But I'm ok with what we do.

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I have sailed in virtually every cabin type up to a corner aft Sky Suite (a rare luxury we can no longer afford with Celebrity's current pricing), from inside on Princess at around 160 sq ft and up. On most cruises, there have been three of us to a cabin. While more room is certainly nicer, we have had no issues at all in sailing regular outside or balcony cabins. I am not a fan of inside, but that is not a factor of size but for other reasons. Once we went to balcony, we do find it hard to go back from there. Even if the cabin is no larger than an outside, it feels larger with the big patio doors (and of course the use of the balcony itself). M class cabins are a bit smaller than S class cabins - 172 sq ft I believe (although their CC and AQ are bigger than the average balcony cabin).

 

What one can 'tolerate' of course varies by person. I suspect that some of those who can only tolerate Sky Suite or larger might find that their level of acceptance of smaller cabins might change if their finances so demanded. But for others, sailing once every two years in a suite is their preference over a cruise or two every year in a balcony or outside cabin. To each their own. I always said that for me, travel is what matters. At this stage of the game, for me that means mid-priced land travel and non-suite cruises, with several trips per year. I have pledged that in later years if the budget would only allow Motel Six rather than Homewood Suites or Doubletree, then that is what I would do if the alternative was to stay home. It's all about what matters to you, and what you can afford. There is no bad room on a Celebrity cruise IMHO - some are just better than others:)

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The sq. footage listed includes the bathroom, closets, etc....does NOT include the balcony.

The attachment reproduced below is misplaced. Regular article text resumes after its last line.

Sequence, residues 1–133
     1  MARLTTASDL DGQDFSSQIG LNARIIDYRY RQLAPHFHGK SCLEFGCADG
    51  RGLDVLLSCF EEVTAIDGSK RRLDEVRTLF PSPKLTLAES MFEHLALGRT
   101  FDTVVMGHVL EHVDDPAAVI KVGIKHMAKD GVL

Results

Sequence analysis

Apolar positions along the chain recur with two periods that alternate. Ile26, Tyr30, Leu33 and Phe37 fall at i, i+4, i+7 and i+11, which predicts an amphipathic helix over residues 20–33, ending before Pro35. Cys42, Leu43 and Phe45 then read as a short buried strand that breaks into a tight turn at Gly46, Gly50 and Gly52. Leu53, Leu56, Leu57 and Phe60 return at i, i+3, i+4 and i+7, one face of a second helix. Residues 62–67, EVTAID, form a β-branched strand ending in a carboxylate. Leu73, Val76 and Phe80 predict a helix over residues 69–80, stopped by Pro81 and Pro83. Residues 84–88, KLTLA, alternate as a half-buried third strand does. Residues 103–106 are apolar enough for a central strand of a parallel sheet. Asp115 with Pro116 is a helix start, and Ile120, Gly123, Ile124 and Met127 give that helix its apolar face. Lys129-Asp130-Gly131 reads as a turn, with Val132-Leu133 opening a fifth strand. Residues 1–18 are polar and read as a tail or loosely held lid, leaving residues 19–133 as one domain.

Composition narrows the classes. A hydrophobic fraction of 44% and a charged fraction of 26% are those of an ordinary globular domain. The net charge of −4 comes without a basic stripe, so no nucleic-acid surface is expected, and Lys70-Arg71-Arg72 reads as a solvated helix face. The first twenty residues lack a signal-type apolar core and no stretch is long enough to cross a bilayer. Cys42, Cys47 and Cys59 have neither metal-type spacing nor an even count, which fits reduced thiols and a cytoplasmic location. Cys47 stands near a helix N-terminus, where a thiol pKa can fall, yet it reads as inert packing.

We like a cabins in the 250-350 sq. ft. range....that's most like a good hotel room. We like to be able to walk about, without bumping into each other! Our 1st cruise was on an older, smaller ship, and the cabin was so tight, only 1 could be walking at a time! I did NOT enjoy that at all.

 

When on vacation, I want to be AT LEAST as comfortable as at home, if not moreso!

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....... We like to be able to walk about, without bumping into each other!....
...whereas we enjoy bumping into each other. :D

 

The available storage space in the cabin is more important to us than the amount of empty floor space.

For regular non-suite cabins, we much prefer the storage layout of the M-class cabins to the S-class cabins.

 

Regardless of the cabin size or type we have, we tend to spend more time out on the balcony than inside the cabin itself, except for sleeping and bathroom time. We do doze off and take naps out on the balcony sometimes.

 

A suite is especially nice to have and much appreciated when one of us is hurting or not feeling well and we enjoy the pampering of the butler at such times.

Otherwise, we are pretty much do-it-yourself types so the services of the butler are mainly wasted on us.